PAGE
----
Spain’s Jon Rahm, on fire coming into his first Masters, polished his English by reciting rap lyrics

AUGUSTA, Ga. – Tiger Woods isn’t playing this week and Danny Willett, the defending Masters champion, is not really playing well enough right now to be a major threat to repeat. Makes it tougher to predict who will be the sensational international headline at Augusta National this time around, but I’ll take a stab at it anyway.

Take a look at Jon Rahm, the rookie from Spain with the mammoth distance off the tee and the confidence to contend in his first Masters.

He’s all of 22 but that shouldn’t disqualify him. Tiger and Jordan Spieth both were 21 when they got their first green jackets. Rahm was the low amateur at his first U.S. Open, just like Tiger was the low amateur at his first Masters.

Besides, Rahm already has a victory on the PGA Tour this year, and he got it in dramatic fashion, making a 60-foot eagle putt on the final hole to win the Farmers Insurance Open at Torrey Pines in January.

More recently, at the WGC Match Play event in Texas, Rahm reached the championship match against world No. 1 Dustin Johnson. The match started badly, with Rahm 5 down very early, but he rallied to push it all the way to the 18th green before losing 1 down.

“Once I got back in the groove,” Rahm said Tuesday at Augusta National, “I learned that when I’m playing good, I can take on the No. 1 player in the world.”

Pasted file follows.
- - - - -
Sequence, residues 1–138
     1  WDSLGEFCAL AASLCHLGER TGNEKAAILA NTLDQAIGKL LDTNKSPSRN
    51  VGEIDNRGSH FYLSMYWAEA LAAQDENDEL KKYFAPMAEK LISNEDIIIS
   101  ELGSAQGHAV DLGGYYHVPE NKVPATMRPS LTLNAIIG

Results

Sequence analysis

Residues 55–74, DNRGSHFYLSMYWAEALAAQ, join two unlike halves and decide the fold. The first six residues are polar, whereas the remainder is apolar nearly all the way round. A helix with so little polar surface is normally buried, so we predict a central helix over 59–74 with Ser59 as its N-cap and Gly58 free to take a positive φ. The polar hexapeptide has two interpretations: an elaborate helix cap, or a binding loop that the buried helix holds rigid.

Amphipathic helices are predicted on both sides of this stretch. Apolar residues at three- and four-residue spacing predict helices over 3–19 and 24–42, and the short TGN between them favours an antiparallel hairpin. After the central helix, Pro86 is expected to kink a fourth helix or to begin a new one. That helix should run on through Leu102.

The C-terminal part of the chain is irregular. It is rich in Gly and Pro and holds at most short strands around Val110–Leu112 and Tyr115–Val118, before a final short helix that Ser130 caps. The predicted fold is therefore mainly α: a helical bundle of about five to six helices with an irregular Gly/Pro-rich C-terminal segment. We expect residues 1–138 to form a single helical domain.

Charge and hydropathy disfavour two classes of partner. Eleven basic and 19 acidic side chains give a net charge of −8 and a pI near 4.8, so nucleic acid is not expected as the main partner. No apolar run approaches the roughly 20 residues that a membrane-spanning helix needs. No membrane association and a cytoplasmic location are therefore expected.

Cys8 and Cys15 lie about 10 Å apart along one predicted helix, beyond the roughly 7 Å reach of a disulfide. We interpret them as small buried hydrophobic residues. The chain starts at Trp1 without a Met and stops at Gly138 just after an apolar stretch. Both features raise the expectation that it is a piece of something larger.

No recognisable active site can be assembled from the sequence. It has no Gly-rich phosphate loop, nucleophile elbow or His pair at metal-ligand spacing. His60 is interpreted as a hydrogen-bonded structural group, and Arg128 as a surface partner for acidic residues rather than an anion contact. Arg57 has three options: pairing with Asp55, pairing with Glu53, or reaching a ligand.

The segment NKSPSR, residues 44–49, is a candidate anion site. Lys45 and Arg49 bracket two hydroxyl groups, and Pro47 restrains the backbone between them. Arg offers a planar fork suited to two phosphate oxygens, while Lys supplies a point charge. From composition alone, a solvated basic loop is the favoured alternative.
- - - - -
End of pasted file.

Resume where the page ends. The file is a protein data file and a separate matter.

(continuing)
That boldness, the kind once displayed by Rahm’s golfing hero Seve Ballesteros, is bound to make a difference in the Masters, a tournament marked by great risks and great rewards.

“I’m going to tee it up believing that I can win,” said Rahm, who played a practice round Tuesday with Phil Mickelson. “I might do it. I might now but that’s how I do it. That’s what I did at Torrey Pines.”

Still looking for a good reason to believe in Rahm, whose college coach at Arizona State was Lefty’s brother Tim Mickelson? How about this?

Rahm accelerated his mastery of English by absorbing and repeating the lyrics of rap songs by Eminem and Kendrick Lamar.

“It was not necessarily to learn new words but to help with pronunciation and enunciation and to able to pronounce certain words and be able to talk faster, without pausing,” Rahm said. “It really helped me out to be able to keep up with some conversations.”

The kid’s a fast learner, and he doesn’t mind trying new things, like trying to be the first player since Fuzzy Zoeller in 1979 to win the Masters on his first visit here.

Rahm tees off Thursday at 1:41 p.m. with Rory McIlroy and Hideto Tanihara, a 14-time winner on the Japan Golf Tour and a semifinalist at the recent WGC Match Play event.

If you’re wondering why a rookie rates such a feature pairing, Rahm has risen to No. 12 in the Official World Golf Rankings, just behind Sergio Garcia and ahead of Masters champions Willett, Mickelson and Bubba Watson.